Ulster Unionist assemblyman Michael Copeland has complained to the Police Ombudsman following searches of his property in a money laundering probe.
Michael Copeland has met the Police Ombudsman
Computer equipment, credit cards and bank statements were removed during Friday's raids of his home and offices. Mr Copeland denies any wrong-doing.
He has met the ombudsman over concerns about the police handling of the case.
It is understood he has made repeated attempts to meet the officers involved, but they have refused to see him.
Party leader David Trimble said he did not believe Mr Copeland, a local government candidate, had been engaged in any corrupt activity.
The Ulster Unionist Party postponed the launch of its election manifesto due to the searches.
Strategists felt the party's policies could be "overshadowed" by the money laundering investigation.
The party leadership opted to move the launch to Wednesday - a 48-hour delay.
Mr Copeland's property was searched by detectives involved in an inquiry that has already led to charges against a leading estate agent and an ousted loyalist paramilitary boss.
Meanwhile, police have confirmed that North Down Borough Council offices were visited on Friday by officers investigating money laundering.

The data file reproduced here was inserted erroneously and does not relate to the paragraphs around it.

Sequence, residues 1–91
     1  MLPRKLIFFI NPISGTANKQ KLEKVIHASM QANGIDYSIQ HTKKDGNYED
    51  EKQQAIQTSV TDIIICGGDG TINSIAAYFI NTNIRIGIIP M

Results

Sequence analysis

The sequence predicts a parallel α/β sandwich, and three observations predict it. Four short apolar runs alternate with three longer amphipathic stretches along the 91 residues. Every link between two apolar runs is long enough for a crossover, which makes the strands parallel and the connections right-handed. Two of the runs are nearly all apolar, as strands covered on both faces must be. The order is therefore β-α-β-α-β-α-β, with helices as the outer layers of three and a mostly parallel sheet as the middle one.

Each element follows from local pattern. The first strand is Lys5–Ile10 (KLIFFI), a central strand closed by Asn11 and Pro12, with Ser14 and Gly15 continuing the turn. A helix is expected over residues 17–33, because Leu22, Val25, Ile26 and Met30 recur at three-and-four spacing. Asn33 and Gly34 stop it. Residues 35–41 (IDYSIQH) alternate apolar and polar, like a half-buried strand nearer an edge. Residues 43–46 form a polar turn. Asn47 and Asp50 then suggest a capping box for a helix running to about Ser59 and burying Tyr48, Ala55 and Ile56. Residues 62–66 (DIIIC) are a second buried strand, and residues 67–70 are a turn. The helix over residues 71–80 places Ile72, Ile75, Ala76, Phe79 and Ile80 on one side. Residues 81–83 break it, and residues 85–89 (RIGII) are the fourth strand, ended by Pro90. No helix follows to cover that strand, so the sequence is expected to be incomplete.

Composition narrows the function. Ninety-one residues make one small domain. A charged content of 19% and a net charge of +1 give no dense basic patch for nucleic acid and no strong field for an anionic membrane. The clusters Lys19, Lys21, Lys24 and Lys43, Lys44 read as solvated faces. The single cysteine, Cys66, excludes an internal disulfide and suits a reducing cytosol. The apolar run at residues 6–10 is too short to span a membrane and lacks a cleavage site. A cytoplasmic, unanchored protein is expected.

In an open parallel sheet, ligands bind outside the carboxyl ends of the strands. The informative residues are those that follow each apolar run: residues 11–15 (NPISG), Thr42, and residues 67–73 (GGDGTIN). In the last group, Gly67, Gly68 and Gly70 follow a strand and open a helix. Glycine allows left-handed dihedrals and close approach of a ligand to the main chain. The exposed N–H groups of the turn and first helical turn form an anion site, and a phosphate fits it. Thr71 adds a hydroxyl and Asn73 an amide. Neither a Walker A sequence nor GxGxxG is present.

The council said they were served with a production order under the Proceeds of Crime Act.
It said the police inquiries did not concern any councillor or member of council staff, but detectives were interested in planning and building control applications by two firms which cannot be named under the terms of the order.
The raids came a fortnight after ousted Ulster Defence Association leader Jim Gray, 47, was arrested by police involved in the money laundering inquiry.
The loyalist has been charged with possessing and concealing property and his girlfriend has been accused of 16 counts of laundering cash.
Philip Johnston, who runs a chain of six estate agencies across Belfast, has also been charged in connection with the investigation.